This work was supported by a Pathfinder grant (CALACEI) and a Marie Curie training Grant MEST-CT-2005-020725 from the European Commission.
Infant Pointing: Communication to Cooperate or Communication to Learn?
Version of Record online: 16 MAY 2007
Volume 78, Issue 3, pages 735–740, May/June 2007
How to Cite
Southgate, V., Van Maanen, C. and Csibra, G. (2007), Infant Pointing: Communication to Cooperate or Communication to Learn?. Child Development, 78: 735–740. doi: 10.1111/j.1467-8624.2007.01028.x
- Issue online: 1 JUN 2007
- Version of Record online: 16 MAY 2007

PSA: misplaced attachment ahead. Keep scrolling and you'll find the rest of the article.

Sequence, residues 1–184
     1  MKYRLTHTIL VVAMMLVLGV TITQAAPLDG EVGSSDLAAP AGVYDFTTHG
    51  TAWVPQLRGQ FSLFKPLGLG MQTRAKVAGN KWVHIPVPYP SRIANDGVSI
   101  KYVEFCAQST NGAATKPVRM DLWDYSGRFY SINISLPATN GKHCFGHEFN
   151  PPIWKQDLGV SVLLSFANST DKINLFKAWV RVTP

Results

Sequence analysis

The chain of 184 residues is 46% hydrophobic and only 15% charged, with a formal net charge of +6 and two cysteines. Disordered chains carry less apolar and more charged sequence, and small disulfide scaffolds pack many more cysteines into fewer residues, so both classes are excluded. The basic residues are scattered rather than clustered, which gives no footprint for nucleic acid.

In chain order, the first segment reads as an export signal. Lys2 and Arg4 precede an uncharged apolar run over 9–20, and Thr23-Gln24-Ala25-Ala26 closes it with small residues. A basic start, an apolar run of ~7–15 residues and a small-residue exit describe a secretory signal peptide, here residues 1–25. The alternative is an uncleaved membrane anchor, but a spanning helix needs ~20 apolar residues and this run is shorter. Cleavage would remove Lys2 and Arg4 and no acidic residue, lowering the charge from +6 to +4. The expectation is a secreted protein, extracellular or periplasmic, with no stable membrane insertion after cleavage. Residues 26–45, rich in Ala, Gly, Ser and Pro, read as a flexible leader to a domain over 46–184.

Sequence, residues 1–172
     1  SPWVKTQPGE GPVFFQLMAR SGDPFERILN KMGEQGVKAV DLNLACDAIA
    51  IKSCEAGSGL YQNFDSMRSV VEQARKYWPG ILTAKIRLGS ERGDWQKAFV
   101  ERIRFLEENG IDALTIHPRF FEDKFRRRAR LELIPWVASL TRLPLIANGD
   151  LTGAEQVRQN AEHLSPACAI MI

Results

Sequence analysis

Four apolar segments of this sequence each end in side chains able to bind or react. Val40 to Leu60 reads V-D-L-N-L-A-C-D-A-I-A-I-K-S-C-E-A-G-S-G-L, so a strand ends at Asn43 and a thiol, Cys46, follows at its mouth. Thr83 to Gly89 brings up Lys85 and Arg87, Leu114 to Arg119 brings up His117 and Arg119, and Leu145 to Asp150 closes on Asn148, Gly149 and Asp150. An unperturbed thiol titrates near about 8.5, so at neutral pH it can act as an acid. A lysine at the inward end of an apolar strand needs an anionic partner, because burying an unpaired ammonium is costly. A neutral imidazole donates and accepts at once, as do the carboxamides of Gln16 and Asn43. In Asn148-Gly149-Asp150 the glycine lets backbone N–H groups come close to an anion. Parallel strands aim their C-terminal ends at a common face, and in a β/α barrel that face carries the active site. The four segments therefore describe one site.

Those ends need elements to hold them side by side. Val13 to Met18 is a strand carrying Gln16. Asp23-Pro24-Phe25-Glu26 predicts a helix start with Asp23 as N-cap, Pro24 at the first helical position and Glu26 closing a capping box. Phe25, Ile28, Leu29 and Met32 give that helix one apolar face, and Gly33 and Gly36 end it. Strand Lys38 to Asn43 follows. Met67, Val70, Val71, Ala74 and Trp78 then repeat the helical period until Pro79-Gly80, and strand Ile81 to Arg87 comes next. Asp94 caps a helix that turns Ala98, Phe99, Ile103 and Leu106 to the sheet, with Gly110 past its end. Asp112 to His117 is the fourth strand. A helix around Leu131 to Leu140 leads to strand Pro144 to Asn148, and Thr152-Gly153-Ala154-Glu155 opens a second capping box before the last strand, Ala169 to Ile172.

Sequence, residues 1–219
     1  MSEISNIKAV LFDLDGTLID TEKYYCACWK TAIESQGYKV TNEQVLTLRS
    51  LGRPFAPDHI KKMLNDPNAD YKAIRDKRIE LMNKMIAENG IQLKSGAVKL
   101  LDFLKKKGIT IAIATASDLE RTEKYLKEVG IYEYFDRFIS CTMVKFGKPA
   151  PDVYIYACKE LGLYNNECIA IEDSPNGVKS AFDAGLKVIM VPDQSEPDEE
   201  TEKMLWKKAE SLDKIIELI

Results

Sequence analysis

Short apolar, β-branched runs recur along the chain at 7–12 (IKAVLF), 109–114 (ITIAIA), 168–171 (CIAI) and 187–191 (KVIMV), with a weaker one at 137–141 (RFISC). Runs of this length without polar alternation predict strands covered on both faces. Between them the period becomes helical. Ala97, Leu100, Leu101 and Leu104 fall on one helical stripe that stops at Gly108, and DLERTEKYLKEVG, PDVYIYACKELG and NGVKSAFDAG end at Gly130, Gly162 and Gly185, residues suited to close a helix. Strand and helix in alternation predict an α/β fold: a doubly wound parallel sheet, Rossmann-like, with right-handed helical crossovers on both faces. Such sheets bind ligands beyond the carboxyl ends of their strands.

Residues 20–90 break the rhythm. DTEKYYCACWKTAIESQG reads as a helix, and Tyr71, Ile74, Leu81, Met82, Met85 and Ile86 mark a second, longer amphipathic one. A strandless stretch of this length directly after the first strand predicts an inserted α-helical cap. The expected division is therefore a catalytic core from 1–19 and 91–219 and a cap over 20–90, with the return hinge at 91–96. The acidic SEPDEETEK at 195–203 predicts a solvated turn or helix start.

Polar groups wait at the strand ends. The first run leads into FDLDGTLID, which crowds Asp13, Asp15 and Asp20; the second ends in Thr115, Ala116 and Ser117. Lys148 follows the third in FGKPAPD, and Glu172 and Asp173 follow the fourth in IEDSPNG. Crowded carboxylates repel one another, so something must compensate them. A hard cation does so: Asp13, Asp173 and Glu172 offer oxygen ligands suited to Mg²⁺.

Tomasello, Carpenter, and Liszkowski (2007) present compelling data to support the view that infant pointing, from the outset, is communicative and deployed in many of the same situations in which adults would ordinarily point for one another, either to share their interest in something, or to informatively help the other person. This commentary concurs with the view that infant pointing is a communicative gesture, but challenges their interpretation of the motives behind pointing in 12-month-olds. An alternative account is proposed, according to which infant pointing is neither declarative nor imperative, but interrogative, and rather than being driven by the motive to share or help, it may serve a powerful cultural learning mechanism by which infants can obtain information from knowledgeable adults.